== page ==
Dina Asher-Smith after taking 100m silver at the IAAF World Athletics Championships Doha 2019 (© Getty Images)
For the past few years, Dina Asher-Smith has knocked on the door of world class, falling agonisingly short of the major global outdoor medal she has craved for so long. Having finished fifth at both the IAAF World Championships Beijing 2015 and Olympic Games Rio 2016 over 200m, she battled back from breaking her foot to finish fourth over the same distance in front of her home crowd at the IAAF World Championships London 2017.
All those frustrations were laid to rest on Sunday night when the British athlete claimed the silver medal over 100m at the IAAF World Championships Doha 2019. In her first ever appearance over the shorter sprint distance at a global championship, Asher-Smith broke her own national record, clocking 10.83, finishing behind Jamaica’s Shelly-Ann Fraser-Pryce who took gold in 10.71.
“I’m not a negative person so I’ve never carried any bad feelings through from those results,” said Asher-Smith. “I’m just proud of myself because I’ve definitely taken my time and worked my way up from being a relay runner to where I am now. It’s been a lot of hard work over many years that I’m proud to see reward for tonight.”
‘I needed to take it up another notch’
The 23-year-old enjoyed a very successful 2018, claiming 100m and 200m gold at the European Championships in Berlin, clocking 10.85 and 21.89 in the process. However, despite running such blisteringly fast times, she didn’t consider herself a truly world class athlete until she secured some metal around her neck.
“My target for the 100m this year was to come away with a medal of any colour. European gold was fantastic but it’s difficult to transition onto the global stage and I wanted to push myself into the top three women in the world. Last year I was in great shape, ran some great times, but racing wise I didn’t think I was quite there yet. I didn’t feel I was of the same calibre as some of the other girls. I still needed to take it up another notch and I’m very happy to have done that now.
“I was always a 200m girl so to come away with a silver medal in an event that globally I’m less comfortable over means a lot to me.”
In finishing second, Asher Smith claimed Great Britain’s 100th medal in the history of the IAAF World Championships. She becomes the first British woman to win a world championship medal in the short sprints since Kathy Cook in the 200m in 1983 and the first ever to do so over 100m.
“That’s super cool. I was just focusing on my performance so it’s very easy to forget the gravity of the situation. It makes me feel super proud to have achieved a silver medal, a national record and to have done something no British woman has done before over 100m.
“I’m not very up to date with the stats and that’s not something I want to be carrying with me when I run. But now that the race is over, it’s great and it means a lot to me.”
Her historic achievement was not lost on the woman who denied her top spot on the podium, Shelly-Ann Fraser-Pryce, who believes that she will be seen as a trailblazer for future British success in the event.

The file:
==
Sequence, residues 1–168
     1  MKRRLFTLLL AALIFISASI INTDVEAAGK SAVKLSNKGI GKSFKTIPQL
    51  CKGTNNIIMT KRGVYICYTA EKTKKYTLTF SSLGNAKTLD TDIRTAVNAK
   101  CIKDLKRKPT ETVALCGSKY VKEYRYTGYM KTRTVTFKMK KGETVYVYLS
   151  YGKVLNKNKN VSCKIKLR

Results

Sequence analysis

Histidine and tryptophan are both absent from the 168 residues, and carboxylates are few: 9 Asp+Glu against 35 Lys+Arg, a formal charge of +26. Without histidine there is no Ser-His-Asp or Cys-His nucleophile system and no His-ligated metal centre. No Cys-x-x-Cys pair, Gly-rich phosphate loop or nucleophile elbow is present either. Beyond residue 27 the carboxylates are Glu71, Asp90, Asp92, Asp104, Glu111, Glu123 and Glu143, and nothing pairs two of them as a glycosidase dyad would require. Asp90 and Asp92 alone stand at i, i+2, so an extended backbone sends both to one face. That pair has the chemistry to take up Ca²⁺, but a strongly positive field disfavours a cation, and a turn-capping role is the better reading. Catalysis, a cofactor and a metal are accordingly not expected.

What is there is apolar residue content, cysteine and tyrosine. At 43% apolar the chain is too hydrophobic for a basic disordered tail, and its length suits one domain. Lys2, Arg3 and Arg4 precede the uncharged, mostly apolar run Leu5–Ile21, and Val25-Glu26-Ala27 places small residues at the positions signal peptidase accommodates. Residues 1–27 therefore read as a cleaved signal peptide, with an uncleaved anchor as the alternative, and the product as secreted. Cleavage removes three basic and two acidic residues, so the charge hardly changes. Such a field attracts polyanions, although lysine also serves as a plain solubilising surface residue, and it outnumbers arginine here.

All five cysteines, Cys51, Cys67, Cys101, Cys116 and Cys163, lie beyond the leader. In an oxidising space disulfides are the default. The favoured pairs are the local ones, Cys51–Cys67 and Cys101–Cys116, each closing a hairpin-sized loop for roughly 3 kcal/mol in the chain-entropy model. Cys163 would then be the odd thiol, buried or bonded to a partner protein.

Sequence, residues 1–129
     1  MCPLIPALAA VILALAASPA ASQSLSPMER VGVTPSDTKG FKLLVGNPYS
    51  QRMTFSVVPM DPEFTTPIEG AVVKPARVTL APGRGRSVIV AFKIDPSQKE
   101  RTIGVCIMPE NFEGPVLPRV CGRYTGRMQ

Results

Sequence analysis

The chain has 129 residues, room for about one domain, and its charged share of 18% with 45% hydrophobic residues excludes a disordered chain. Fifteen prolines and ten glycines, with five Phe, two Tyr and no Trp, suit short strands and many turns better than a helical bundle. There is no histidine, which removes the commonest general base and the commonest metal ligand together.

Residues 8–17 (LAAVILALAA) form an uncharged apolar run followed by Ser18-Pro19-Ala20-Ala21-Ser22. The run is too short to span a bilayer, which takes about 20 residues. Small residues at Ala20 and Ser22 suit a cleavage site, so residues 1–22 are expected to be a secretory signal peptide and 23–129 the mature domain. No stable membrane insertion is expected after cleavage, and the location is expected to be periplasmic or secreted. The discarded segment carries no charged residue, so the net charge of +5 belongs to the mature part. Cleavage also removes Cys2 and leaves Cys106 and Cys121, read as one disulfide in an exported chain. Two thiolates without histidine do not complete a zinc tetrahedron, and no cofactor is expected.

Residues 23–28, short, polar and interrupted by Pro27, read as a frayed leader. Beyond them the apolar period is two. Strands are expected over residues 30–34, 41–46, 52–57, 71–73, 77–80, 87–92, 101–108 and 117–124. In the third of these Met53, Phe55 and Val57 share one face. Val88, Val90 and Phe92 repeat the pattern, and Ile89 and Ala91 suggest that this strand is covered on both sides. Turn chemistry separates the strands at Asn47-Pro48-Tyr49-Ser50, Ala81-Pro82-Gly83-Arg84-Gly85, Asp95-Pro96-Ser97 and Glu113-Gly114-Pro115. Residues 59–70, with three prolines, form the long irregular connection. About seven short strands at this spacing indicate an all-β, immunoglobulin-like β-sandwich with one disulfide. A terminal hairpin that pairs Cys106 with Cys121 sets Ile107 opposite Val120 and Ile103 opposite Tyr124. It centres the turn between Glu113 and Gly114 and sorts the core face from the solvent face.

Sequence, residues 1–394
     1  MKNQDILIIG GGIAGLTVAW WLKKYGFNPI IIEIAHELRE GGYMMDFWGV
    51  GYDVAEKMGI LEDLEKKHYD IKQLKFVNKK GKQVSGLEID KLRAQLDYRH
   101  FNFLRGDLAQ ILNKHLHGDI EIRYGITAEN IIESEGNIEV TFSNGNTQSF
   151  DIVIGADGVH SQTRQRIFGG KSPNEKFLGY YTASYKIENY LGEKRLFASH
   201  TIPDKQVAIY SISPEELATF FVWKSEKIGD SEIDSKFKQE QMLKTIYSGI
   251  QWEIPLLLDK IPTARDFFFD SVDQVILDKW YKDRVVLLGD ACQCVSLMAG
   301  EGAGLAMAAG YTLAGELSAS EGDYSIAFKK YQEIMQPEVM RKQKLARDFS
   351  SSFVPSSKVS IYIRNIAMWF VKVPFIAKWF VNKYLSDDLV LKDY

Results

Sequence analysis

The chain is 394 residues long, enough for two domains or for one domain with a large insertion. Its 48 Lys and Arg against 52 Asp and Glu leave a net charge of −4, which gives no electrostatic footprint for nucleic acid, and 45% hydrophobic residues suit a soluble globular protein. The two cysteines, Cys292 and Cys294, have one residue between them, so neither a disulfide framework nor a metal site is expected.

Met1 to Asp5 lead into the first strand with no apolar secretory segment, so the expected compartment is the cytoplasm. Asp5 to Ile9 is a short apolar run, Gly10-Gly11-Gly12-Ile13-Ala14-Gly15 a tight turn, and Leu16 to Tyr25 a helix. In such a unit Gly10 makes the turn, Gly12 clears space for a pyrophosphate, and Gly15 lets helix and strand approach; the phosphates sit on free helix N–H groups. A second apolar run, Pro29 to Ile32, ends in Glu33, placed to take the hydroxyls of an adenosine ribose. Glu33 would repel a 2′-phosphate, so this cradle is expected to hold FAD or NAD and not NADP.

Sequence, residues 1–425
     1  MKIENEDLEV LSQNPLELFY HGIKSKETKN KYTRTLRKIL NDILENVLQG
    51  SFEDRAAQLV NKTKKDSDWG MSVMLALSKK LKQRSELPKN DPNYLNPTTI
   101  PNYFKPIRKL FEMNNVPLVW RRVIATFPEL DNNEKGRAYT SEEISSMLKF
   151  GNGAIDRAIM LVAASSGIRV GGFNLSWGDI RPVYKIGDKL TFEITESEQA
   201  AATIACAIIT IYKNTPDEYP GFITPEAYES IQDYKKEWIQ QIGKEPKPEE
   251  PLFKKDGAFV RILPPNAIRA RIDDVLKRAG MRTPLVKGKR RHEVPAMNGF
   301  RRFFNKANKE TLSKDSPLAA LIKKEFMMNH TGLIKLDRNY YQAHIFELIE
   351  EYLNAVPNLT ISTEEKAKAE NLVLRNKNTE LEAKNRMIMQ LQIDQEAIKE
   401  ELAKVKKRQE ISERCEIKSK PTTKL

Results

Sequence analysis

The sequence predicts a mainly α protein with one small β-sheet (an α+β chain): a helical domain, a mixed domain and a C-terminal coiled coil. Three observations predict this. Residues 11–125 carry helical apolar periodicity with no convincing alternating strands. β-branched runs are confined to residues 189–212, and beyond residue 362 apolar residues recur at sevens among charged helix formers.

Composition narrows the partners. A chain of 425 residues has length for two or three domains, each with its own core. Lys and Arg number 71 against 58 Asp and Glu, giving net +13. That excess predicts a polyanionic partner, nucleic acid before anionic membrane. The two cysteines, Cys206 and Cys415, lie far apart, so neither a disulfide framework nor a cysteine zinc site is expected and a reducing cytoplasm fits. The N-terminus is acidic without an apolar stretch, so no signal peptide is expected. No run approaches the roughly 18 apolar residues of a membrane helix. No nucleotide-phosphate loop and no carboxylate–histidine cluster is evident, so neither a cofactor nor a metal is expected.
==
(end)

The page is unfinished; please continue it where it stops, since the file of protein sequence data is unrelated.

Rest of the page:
“I think she’ll inspire a lot of athletes in Great Britain,” Fraser-Pryce said. “It’s inspiring for other British athletes to know that the best in this event doesn’t have to just come from the USA and Jamaica; they can come from somewhere else too.”
Asher-Smith graduated from King’s College in London in 2017 with a first class honours degree in history. While she describes herself as somebody who loves studying and is passionate about reading, she admits that finishing university has allowed her breathing space over the last 2 years, something which she considered necessary for her to reach a global podium.
“My life has changed a lot since I have left university. I’ve been able to train like a professional athlete since 2017 which is really paying off for me. I’m able to train at different times of the day, I can do so with more intensity, and I don’t have any exam periods to battle through. It has made a huge difference to my running.”
Next up, 200m
Despite achieving a long awaited first major medal, the 23-year-old says she will not afford herself even a mild celebration. She has her sights firmly set on replicating her achievement over 200m later in the week, with the first round heats taking place on Monday.
“There will be absolutely no celebrations. I’ve got to get back, sleep, recover and be ready for the 200m heats.”
In the absence of world leader Shaunae Miller-Uibo of the Bahamas, Asher-Smith is considered among the favourites over the longer distance. However, despite being the favourite with the bookmakers, she is firmly playing down such expectations.
“That’s the British bookies,” said Asher-Smith with a gentle laugh. “Honestly, there’s always going to be a bias there.”
On the basis of Sunday’s performance, not too many will be taking her advice.
James Sullivan for the IAAF